A cinematic pet peeve of mine, which I have previously written about, is the mishandling of intent. Sometimes, the camera tries a little too hard, purposefully directing the audience’s attention to something it feels is noteworthy, instead of simply observing and letting the audience draw meaning from the frame. This is especially common in thrillers, where storytellers need their audience to get things, and get them fast. Take, for example, an early scene in which Faraday’s students flip through an illustrated history book. While we are unaware of how the pictures connect with the unfolding story, the camera begs us to consider a possible connection. Of course, it is appropriate—if not essential—for a director to have something to say; what I appreciate, though, is when a director trusts me enough to let me come to his or her conclusions on my own, instead of forcing them. Another quibble: Angelo Badalamenti’s score feels too didactic at times, instruments almost barking suggested feelings at the audience. See what just happened there? I should think you are shocked right about now, or ought to be!

Arlington Road also features one scene that does not work on a stylistic level. The film becomes madcap, resorting to tilted-angle shots and supernatural red lighting to provoke unease in the audience. The effect is successful, but this almost dream-like sequence does not belong. Similarly, Martin Scorsese’s unnecessary but still enjoyable remake (1991) of John Lee Thompson’s pitch-perfect Cape Fear (1962) introduces whimsical elements into its otherwise realistic universe—for example, time-lapsed, crimson-colored storm clouds atop immobile, naturally-colored landscapes. In contrast to Arlington Road, these elements belong within the Cape Fear remake because they signal the arrival of Evil incarnate. [In fact, notice how Scorcese’s conceptualization of Max Cady bears a striking resemblance to Reverend Harry Powell in Charles Laughton’s excellent The Night of the Hunter (1955).] Although Oliver Lang is evil, he does not stand in for the Devil himself, as do Reverend Powell and Cady, Redux. Also, Scorsese’s entire approach is aimed at drawing attention to and countering audience expectations—for example, coupling an adaptation of the graceful 1962 score with kinetic (but still traditional) cinematography—whereas Pellington only incorporates such unusual elements on one occasion.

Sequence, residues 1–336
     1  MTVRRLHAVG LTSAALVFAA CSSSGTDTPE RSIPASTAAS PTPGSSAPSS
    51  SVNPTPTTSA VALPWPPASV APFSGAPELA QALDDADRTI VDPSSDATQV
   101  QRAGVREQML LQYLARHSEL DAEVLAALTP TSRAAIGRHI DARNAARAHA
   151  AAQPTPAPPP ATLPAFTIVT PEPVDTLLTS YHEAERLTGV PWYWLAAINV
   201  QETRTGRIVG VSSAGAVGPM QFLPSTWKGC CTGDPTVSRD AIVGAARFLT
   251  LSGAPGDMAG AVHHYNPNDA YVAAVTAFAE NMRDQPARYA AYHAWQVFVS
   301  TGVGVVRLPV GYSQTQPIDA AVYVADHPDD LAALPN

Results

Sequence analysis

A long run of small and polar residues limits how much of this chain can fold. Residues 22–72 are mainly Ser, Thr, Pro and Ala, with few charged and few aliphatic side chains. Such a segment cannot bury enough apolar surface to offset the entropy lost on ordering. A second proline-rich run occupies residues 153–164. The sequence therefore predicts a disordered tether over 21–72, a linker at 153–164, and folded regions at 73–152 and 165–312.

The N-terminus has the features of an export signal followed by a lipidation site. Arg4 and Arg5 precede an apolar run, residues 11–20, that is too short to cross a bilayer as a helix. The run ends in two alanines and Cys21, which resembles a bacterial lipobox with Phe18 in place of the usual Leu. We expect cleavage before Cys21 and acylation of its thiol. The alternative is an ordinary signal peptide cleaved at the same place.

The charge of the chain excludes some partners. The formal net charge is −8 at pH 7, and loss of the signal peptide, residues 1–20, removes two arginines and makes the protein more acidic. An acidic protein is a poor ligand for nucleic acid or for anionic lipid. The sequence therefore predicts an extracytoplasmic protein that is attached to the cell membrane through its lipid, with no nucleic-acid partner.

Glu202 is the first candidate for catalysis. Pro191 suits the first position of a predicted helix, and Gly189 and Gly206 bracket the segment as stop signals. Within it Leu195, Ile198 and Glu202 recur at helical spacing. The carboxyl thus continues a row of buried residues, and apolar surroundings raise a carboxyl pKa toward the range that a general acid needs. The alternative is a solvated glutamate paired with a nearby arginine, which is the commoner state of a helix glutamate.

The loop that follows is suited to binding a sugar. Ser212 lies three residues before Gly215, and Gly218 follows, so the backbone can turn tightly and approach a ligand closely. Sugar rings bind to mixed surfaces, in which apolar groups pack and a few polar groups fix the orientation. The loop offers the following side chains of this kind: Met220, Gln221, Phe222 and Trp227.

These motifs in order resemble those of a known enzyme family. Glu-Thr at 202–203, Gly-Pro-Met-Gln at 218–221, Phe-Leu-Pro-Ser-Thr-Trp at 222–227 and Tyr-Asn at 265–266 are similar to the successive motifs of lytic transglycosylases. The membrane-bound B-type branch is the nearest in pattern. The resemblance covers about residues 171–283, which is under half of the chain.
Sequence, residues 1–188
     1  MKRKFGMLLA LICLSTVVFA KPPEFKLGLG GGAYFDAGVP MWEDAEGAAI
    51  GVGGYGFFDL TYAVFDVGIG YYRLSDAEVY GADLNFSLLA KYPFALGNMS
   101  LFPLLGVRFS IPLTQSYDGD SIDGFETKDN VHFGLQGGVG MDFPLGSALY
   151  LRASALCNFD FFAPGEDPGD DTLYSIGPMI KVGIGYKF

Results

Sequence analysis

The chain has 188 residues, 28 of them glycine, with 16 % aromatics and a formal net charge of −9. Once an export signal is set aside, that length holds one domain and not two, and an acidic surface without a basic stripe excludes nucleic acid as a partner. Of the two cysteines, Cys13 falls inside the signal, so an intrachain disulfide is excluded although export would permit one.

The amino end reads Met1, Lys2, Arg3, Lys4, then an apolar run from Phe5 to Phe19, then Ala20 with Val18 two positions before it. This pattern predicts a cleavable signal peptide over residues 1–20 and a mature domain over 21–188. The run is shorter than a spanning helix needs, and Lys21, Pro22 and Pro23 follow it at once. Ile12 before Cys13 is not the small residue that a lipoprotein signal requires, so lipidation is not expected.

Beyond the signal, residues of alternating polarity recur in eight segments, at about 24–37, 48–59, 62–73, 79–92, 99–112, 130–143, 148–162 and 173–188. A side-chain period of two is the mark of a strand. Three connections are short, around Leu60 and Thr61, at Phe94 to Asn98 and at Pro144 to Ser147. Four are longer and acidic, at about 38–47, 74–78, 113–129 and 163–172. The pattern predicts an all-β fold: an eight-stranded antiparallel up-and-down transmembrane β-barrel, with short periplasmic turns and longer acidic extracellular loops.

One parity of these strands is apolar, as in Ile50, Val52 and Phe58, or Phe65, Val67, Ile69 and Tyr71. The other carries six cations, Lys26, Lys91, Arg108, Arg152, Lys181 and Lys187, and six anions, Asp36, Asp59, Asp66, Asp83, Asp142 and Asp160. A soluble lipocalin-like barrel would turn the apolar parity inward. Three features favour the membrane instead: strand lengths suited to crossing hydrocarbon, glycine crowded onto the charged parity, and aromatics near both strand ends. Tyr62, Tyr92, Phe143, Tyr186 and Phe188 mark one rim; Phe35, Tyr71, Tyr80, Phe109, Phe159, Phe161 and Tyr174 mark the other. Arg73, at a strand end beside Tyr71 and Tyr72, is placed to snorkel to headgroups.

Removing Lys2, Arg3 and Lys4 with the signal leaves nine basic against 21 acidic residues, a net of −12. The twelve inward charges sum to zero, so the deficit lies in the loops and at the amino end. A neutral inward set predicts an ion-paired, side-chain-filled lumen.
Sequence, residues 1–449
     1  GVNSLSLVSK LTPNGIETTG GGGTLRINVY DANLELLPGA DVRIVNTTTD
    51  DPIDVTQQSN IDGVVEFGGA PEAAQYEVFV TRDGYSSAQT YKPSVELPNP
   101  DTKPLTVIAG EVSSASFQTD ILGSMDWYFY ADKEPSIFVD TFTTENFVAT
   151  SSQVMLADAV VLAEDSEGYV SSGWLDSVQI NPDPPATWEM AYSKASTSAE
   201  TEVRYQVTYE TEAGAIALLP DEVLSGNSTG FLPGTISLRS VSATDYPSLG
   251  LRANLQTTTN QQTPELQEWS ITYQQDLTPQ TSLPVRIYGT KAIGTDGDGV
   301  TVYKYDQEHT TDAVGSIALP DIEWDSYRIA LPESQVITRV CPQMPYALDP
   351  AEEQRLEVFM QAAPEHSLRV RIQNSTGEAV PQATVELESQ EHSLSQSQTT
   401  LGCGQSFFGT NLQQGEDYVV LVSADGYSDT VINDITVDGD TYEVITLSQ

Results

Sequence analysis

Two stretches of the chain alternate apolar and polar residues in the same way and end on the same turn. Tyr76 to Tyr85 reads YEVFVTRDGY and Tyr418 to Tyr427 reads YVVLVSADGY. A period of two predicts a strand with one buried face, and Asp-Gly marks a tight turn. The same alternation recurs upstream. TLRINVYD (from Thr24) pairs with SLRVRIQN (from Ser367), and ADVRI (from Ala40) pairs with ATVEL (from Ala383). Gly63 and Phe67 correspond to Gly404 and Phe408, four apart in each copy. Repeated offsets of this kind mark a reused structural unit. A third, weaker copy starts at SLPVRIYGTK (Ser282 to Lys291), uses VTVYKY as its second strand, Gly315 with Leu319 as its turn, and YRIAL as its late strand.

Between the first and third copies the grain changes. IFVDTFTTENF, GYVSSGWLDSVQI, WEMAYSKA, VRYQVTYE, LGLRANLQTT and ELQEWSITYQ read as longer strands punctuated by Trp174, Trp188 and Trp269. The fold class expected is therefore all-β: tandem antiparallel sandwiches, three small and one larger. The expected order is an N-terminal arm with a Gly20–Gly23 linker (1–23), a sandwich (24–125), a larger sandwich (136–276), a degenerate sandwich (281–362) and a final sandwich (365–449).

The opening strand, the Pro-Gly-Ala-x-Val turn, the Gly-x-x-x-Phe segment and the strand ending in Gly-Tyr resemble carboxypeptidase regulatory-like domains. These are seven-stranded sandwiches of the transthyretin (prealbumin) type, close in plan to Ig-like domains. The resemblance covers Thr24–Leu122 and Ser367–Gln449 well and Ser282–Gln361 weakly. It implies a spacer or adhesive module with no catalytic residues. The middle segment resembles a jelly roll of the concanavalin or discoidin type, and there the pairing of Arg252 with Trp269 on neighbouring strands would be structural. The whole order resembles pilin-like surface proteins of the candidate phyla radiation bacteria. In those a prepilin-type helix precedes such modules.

Although these limitations prevent Arlington Road from being considered a top-notch thriller, this does not mean that the film is not worth a low-expectation viewing. It still makes for a fun ride. I simply wish Pellington had chosen to embrace or emulate the best thrillers of the past even if that meant giving us something we have seen before. Instead, he misfires by limiting himself to the ineffectual conventions of second-rate thrillers—although, there are enough clever elements that could allow one to consider Arlington Road a good second-rate film. If you do choose to watch Arlington Road, a word of warning: it is difficult to be fully immune to cheap thrills. In fact, you might respect yourself a little bit less once the credits start rolling. Realizing your emotions were manipulated via clumsy techniques might provoke some embarrassment once you begin thinking about the film. You might even feel a little dirty as you turn on the lights and face the harsh reality that your self-proclaimed acculturation to the fine arts does not stop you from sometimes wearing the trashy garb of a promiscuous cinephile…